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Kenneth Grahame’s The Wind in the Willows popularized animals that could be found in the British countryside. One of the beloved characters in the story is Ratty, which in connection to his name, is actually water rat, or more formally – a Water Vole. Often at times, people misidentify the Water Vole and confuse them with common rats leading to their wrongful persecution by unknowing citizens. The water vole is smaller than rats. Measuring the body and the head, they can grow up to 190 mm and weigh an average of 220 grams. As their name implies, water voles’ natural habitat could be found in aquatic environments such as the burrows that they make near riverbanks. It feeds on vegetation near bodies of water. They escape from predators by diving into the water. As they do so, they make a “plop” sound, an identifying characteristic of their species.

Varieties of the Water Vole in the UK

In the United Kingdom, there are two separate groups or clades of water voles which could be differentiated from each other through variations in their DNA. The source of the water rat populations in Britain was traced by analyzing their DNA found in sample droppings. The first clade is the water voles from Scotland which were traced to have come from the Iberian territory. While the water vole variety found in England and Wales were discovered to be from Eastern Europe. Water voles that are found in the European continent like the UK varieties all possess a dark brown appearance while their bellies have a slightly lighter color. Unlike common rats, water voles have fur all over their body, including their tails. The dark tones of their fur serve as a defense mechanism to make them blend well with the vegetation found in their habitat.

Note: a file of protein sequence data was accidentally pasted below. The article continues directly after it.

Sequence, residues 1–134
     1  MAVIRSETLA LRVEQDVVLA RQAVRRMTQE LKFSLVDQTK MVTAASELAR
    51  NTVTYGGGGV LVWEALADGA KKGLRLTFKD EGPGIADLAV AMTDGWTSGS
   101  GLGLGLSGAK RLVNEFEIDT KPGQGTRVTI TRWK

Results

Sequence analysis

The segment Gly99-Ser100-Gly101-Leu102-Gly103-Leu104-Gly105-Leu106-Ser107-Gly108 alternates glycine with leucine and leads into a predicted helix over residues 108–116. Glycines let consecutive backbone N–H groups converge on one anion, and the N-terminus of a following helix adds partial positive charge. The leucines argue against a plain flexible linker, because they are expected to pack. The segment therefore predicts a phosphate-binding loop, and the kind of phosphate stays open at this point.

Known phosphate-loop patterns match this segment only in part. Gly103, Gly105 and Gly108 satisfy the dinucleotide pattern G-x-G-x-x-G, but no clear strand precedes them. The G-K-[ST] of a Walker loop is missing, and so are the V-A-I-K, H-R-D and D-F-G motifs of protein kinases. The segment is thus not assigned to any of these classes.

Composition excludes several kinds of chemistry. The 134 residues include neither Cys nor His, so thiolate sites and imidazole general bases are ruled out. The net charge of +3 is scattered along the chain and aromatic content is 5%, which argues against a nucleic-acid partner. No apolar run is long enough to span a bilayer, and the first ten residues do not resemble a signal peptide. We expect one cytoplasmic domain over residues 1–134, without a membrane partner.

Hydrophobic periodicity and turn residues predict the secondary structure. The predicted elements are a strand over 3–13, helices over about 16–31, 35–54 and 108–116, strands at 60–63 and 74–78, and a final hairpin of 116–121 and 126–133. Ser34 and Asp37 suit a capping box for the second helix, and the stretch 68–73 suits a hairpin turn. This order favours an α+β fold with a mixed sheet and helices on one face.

The Habitat, Behavior, and Conservation of UK Water Voles

The water voles in the UK live beside ponds, streams, ditches, rivers, and other bodies of calm and slow-moving water. They burrow in the banks of rivers where they make ball-shaped nests. These nests can also be found aboveground if there are no areas for the water voles to burrow in. Water voles prefer undisturbed wetland as their habitat. Aside from providing food like bulbs, buds, twigs, and roots, the lush vegetation serves as protection for them as well. Water voles are known to be experts on the water as they are excellent divers and swimmers. They prefer not to live in large groups as each water vole adult establish their own territories. The boundaries of their area are differentiated from others using scent marks. The water voles’ mating period is from March to the last weeks of autumn. The females take about 21 days to complete their pregnancy. They give birth to as many as eight babies who weigh approximately 10 grams. Scientists working for the UK’s environment agencies have noticed a decline in the population in the 1990s. Their numbers dropped from 8 million to 2.3 million. Up to the early 2000s, the population continued dropping drastically to a mere 220,000 water voles. In 2008, the government formally acted to protect the water voles by declaring the destruction of the water voles’ habitat as an offense.


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